The bet the IO loan takers made was that home prices would continue to rise (allowing a quick flip sale for a profit if costs got too high), and that interest rates would stay low (making a favorable refinance possible when the loan reverted to including principal payments). I reasoned at the time that the combination of rising prices with low interest rates wasn't a condition the Fed was going to allow for much longer, and indeed I was right. And today's headlines corroborate the idea that the big bills are coming due for those who overreached.

According to an article in today's Wall Street Journal (wsj online is subscription only so this link is only for those who have access), "Soaring housing prices and aggressive mortgage lending have saddled home buyers with ever greater levels of debt, and early signs are now emerging that more people are unable to keep up with their monthly mortgage payments." The article goes on to say that delinquency on loans made last year grew out of proportion with the increased number of loans, and that, due to piggyback home equity loans and rampant refinancing, 29% of borrowers who took out loans last year have no equity in their homes. What's more, with interest rates continuing to climb, delinquency is expected to continue to rise, culminating in a glut of defaults in 2008, when "some of the most aggressive loans made last year might experience their biggest problems." Mortgage lenders interested in maintaining the pace of the housing market that made them rich are continuing to ply even applicants classified as credit risks with large loans with no concern for what will happen to the housing market when those borrowers default.

What happens, obviously, is that forclosures will flood the market as they are auctioned off by desperate banks for the lowest acceptable value, resulting in a stiff downward pressure on home prices. That trend, combined with a long-forecasted withdrawal of foreign investment in the dollar and the US Treasury bond markets, is what could bring about a solid drop in real estate prices. Good for home buyers and tentative buyers late to market, but bad for existing homeowners. Fortunately, because we moved to a place where even today home prices seem to be within the realm of reason, we're not especially concerned either way.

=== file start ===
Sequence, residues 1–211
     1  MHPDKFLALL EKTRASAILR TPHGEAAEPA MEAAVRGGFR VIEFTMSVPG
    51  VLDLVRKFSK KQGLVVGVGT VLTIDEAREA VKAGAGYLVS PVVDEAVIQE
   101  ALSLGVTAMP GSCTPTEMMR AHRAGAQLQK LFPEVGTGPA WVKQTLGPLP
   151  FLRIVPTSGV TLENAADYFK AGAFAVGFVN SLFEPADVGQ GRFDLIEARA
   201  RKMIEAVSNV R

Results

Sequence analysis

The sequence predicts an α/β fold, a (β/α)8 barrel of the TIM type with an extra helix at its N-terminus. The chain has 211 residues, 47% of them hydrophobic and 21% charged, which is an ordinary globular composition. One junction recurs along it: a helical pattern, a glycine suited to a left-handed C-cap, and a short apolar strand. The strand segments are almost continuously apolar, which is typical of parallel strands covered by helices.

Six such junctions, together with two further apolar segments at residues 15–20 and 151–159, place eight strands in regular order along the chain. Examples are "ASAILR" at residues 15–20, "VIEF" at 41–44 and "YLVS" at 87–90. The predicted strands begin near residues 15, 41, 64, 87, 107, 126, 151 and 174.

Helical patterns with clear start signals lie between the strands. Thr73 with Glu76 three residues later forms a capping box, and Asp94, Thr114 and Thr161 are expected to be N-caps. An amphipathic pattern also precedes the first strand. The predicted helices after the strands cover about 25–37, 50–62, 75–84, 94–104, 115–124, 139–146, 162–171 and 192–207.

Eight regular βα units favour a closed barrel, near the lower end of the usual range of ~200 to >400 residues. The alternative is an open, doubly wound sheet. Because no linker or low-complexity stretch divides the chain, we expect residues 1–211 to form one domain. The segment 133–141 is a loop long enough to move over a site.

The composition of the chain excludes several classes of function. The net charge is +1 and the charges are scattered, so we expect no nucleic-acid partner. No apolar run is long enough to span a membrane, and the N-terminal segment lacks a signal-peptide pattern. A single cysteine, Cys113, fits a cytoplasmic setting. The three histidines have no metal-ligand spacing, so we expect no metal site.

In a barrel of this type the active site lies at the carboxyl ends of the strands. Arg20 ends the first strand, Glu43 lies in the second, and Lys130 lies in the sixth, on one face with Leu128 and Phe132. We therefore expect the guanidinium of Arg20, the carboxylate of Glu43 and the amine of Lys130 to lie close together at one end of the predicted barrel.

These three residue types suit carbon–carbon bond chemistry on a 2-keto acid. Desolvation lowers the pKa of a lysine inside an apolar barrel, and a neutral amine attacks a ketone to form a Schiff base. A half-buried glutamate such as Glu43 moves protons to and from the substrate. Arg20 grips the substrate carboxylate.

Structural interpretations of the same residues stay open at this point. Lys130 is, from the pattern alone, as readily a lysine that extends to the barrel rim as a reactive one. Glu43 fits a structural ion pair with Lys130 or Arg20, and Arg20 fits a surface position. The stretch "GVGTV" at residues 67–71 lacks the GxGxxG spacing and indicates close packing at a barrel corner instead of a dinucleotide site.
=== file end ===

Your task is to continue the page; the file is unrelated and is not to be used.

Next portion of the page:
Turning Landfill into Park Will Cost $952,000,000 More Than Anticipated

Photo: NYC Department of City Planning

According to an article in today's New York Times, the anticipated costs of plans to turn Fresh Kills into a giant park and outdoor athletic complex (which we somehow thought were a foregone conclusion), are now believed to have been wildly off base. When he moved to close the landfiill back in 2001, then-Mayor Giuliani estimated that the cost to close the plant would have been somewhere around $448 million. Today, however, the New York City Sanitation Commission estimated that the project would take five years longer to complete and would cost more than $1.4 billion over thirty years. In other words:

$1,400,000,000 - $438,000,000 = $952,000,000

Now we wouldn't say the landfill needs to be converted at any cost, but we sure think it would be helpful if it were completed some time between now and 2036.

Wednesday, May 17, 2006

Prodigal House For Sale Pick - $575,000 (Saint George)

Pretty turreted historic house in The Saint Marks Historic District. Two family. Street: Saint Marks. Phone: Century 21 Safari, 718-442-5200. ID: SF6105.